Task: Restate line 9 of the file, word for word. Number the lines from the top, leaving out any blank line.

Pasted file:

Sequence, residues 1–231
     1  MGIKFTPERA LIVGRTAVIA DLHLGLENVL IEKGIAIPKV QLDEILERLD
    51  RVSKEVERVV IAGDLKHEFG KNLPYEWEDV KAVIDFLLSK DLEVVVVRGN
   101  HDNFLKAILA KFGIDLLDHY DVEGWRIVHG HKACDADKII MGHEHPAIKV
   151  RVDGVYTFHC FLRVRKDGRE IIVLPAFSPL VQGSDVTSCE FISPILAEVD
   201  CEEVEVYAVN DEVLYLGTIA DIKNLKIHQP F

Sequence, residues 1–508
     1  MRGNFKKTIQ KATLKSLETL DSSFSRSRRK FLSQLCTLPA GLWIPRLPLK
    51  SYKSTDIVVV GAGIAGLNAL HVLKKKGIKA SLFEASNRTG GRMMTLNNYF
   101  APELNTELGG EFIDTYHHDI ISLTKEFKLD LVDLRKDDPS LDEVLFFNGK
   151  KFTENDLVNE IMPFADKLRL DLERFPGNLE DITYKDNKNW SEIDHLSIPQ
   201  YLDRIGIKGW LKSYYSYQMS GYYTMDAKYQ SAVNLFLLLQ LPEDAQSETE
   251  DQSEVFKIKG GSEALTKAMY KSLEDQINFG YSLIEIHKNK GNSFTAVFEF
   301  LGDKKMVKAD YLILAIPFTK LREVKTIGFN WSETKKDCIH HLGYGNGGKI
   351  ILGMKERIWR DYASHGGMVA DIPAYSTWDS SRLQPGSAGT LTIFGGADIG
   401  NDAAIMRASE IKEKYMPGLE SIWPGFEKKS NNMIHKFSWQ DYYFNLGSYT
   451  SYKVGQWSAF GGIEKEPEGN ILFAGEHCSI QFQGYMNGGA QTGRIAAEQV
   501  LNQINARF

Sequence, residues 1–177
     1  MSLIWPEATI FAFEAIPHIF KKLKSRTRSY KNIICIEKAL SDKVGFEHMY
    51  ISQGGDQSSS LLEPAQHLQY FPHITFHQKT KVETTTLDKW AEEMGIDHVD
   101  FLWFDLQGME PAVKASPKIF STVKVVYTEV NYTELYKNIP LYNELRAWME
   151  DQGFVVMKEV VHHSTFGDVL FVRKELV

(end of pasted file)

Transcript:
    51  SYKSTDIVVV GAGIAGLNAL HVLKKKGIKA SLFEASNRTG GRMMTLNNYF